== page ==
Descending lower, we find a somewhat similar difficulty with St. Paul. I cannot be the only reader who has wondered why God, having given him so many gifts, withheld from him (what would to us seem so necessary for the first Christian theologian [albeit a formidable Jew]) that of lucidity and orderly exposition. (C. S. Lewis, Reflections on the Psalms, page 113)
Jesus' discourse in parables, his statements of withdrawal from statement--of which the episode in which he writes in the dust and effaces his writing is the emblematic instance--give to linguistic verticality, to the containment of silence in language, a particular impetus. As do the constantly polysemic, stratified techniques of semantic motions in the Pauline Epistles. It is these parables and indirect communications, at once more internalized and open-ended than are the codes of classical rhetoric, which beget the seeming contradiction of enigmatic clarity, the "comprehendit imcomprehensible esse" celebrated in Anselm's Proslogion. In turn, from these dramatizations of manifold sense, evolve the instruments of allegory, of analogy, of simile, of tropes and concealments in Western literature (though here also there are obvious and indispensible classical sources). (George Steiner, Grammars of Creation, page 75)
Maybe the only other thing to add here, is that there is another insider Jew who says similar things about Paul's writings.  I'm talking about Joshua's apprentice Shimon called Kefa or Petros or Rock.  In Greek to the Jews, Peter is trying to get his readers to understand the difficult commands of his Master Teacher as he writes on the difficulties of understanding Paul.  That some, with good reason perhaps, conjecture that this writer is someone just trying to sound like Peter makes no difference.  The point is that Paul has become like Jesus, demanding profound changes in thinking and in experience (something Aristotle never demanded of himself):
ὁ ἀγαπητὸς ἡμῶν ἀδελφὸς Παῦλος κατὰ τὴν δοθεῖσαν αὐτῷ σοφίαν ἔγραψεν ὑμῖν ὡς καὶ ἐν πάσαις ἐπιστολαῖς [Παῦλου] λαλῶν ἐν αὐταῖς περὶ τούτων ἐν αἷς ἐστιν δυσνόητά τινα ἃ οἱ ἀμαθεῖς καὶ ἀστήρικτοι στρεβλοῦσιν ὡς καὶ τὰς λοιπὰς γραφὰς πρὸς τὴν ἰδίαν αὐτῶν ἀπώλειαν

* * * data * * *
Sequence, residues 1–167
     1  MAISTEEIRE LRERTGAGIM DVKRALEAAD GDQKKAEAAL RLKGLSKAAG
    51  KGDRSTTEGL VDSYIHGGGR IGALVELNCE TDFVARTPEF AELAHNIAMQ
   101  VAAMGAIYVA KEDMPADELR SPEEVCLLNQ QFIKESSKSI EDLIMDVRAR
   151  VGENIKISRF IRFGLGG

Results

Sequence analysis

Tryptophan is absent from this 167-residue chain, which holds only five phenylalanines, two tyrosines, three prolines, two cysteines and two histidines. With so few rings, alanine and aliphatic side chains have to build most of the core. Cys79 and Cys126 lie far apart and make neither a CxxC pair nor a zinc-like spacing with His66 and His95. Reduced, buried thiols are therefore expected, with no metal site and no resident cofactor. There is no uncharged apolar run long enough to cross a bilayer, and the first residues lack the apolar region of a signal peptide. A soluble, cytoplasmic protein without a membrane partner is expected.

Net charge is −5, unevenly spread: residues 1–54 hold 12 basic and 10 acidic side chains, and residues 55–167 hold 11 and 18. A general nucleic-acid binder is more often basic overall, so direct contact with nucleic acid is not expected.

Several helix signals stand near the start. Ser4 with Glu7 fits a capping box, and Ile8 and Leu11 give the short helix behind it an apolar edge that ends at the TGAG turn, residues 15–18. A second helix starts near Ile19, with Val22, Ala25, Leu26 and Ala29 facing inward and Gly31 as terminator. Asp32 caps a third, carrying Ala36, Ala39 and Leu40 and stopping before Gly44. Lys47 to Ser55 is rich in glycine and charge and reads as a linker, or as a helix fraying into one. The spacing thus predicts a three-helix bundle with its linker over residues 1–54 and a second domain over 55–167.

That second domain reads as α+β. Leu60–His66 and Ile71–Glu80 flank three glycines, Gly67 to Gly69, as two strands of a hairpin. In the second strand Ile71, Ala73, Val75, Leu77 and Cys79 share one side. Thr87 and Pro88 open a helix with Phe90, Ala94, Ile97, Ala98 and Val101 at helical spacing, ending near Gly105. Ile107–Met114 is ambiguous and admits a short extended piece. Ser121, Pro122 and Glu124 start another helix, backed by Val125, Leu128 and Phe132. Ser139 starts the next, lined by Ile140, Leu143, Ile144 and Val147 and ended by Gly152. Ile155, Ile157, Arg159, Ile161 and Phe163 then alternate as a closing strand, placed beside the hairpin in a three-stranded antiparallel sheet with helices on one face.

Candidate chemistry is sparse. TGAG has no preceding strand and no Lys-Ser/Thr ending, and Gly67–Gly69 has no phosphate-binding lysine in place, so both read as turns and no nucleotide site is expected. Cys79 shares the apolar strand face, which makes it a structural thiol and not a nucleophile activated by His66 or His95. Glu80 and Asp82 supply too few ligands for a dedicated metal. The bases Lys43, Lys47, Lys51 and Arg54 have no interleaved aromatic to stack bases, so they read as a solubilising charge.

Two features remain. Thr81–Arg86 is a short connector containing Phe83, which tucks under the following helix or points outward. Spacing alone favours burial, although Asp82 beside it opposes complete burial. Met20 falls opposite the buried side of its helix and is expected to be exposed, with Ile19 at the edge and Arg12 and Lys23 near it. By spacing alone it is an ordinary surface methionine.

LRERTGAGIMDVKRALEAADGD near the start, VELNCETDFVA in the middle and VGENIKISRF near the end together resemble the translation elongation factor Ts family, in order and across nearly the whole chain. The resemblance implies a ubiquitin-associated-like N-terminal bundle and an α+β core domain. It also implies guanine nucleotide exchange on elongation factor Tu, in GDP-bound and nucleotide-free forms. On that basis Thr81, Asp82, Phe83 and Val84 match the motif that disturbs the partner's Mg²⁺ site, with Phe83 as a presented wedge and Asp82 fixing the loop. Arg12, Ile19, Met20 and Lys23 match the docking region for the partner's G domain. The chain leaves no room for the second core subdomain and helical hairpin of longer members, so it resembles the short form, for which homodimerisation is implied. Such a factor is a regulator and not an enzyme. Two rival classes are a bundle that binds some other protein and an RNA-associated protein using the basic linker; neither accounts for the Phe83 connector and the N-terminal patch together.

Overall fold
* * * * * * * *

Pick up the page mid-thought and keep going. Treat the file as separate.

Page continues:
So to sum up, I've been trying to show a little history.  First how Paul and Aristotle are so alike:  Paul's approaches to men (vs women), to logic (vs rhetoric and dialectic and such), and to elitist centricism (vs feminisms and pluralisms and multiculuralisms) seem suspiciously like Aristotle's phallogocentrism.  Now this:  Paul's encounters with a Jew named Joshua and his apprentices began to unravel much of the Aristotelian(-like) system.  The conversion was a process, a profound inside-out change, and still is.


J. L. Watts said...

Dr. Gayle, concerning Paul's gradual conversion, I have to agree. Several times, Paul spoke of 'being saved' as a process and a path, not something far in the distant past. Perhaps, because so many do not have translations which read as such or theologies that allow for such, that is why people cannot see Paul's development.

J. K. Gayle said...

Thank you, Mr. Watts. The straightforward linear form of narrative (i.e., of telling and of understand one's story) is something we in the West inherit fairly directly from Aristotle. I mention him again here because Saul's / Paul's story is so very different from that and is, in fact, told in the NT so very differently. Paul himself gives snippets of his repentance, his profound change, in his letters. And Luke writes of it much. And Peter of it some. Jewish (and especially multicultural and plural Jewish) story telling has analogy in the twenty-first century, I think, as we look to the likes of scientists such as (the Jewish) Albert Einstein. Einstein looks at "light," for example, not only as "particle," but also as "wave," and as "field." There are multiple ways of understanding and of communicating and of talking about "light." So with Paul and his conversion: a "thing," a "process," and a "relationship."